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|Friday, August 24, 2001, updated at 10:24(GMT+8)|
Burned Wild Almond Forest FlourishingThe almond forest destroyed by a devastating fire at the Sino-Kazakhstan border last year began to bear fruit recently.
The almond forest, which covers 400 hectares in Yumin County in northwest China's Xinjiang Uygur Autonomous Region, is believed to be the largest of its kind in the world. It was completely destroyed when a fire, which broke out in Kazakhstan, swept across the Sino-Kazakhstan border last August. The fire lasted more than 10 hours before it was extinguished by local fire-fighters.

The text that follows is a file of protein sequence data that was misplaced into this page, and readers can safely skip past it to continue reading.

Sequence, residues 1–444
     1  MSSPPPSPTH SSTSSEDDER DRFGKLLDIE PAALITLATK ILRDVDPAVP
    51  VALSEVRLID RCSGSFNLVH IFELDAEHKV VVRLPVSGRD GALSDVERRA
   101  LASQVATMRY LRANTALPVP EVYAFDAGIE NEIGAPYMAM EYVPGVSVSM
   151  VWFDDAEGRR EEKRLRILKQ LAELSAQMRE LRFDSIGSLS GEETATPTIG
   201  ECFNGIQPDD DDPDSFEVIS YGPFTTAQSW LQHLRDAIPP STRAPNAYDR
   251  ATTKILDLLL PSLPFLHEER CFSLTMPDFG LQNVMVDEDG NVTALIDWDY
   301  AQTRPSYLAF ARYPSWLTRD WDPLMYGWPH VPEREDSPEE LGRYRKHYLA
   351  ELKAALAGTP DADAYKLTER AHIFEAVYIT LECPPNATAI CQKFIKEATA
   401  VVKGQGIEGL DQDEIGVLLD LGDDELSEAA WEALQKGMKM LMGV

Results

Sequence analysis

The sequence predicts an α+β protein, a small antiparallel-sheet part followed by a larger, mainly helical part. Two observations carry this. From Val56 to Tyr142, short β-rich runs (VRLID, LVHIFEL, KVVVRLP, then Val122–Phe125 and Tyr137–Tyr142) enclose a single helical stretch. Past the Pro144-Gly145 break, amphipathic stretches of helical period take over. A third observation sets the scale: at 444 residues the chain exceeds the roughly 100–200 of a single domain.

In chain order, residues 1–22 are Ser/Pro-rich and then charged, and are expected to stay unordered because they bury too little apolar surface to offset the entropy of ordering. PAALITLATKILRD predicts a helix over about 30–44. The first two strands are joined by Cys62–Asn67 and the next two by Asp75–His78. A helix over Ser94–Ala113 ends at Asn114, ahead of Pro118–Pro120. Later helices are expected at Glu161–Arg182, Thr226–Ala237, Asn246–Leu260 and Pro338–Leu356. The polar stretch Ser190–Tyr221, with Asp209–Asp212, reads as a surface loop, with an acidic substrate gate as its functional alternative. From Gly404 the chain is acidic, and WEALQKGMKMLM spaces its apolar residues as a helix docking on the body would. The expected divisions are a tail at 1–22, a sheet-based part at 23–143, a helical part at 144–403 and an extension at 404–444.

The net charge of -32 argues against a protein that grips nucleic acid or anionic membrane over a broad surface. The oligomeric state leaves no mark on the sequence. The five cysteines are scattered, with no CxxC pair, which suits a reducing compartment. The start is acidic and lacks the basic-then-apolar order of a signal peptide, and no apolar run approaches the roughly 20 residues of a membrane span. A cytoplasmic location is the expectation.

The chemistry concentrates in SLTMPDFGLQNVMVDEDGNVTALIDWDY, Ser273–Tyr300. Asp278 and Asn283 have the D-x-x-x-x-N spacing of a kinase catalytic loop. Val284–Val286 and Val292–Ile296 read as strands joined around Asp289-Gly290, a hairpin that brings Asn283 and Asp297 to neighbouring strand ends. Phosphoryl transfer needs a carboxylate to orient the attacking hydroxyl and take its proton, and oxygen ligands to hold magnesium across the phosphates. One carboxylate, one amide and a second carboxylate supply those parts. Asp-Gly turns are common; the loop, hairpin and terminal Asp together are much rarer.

As fire only destroyed the parts of trees above ground and did not damage their roots, most of the burned almond trees began to burgeon in Spring and bore fruit thanks to the meticulous care of local residents.
A forest expert said it will take five to 10 years for the forest to be fully revitalized.
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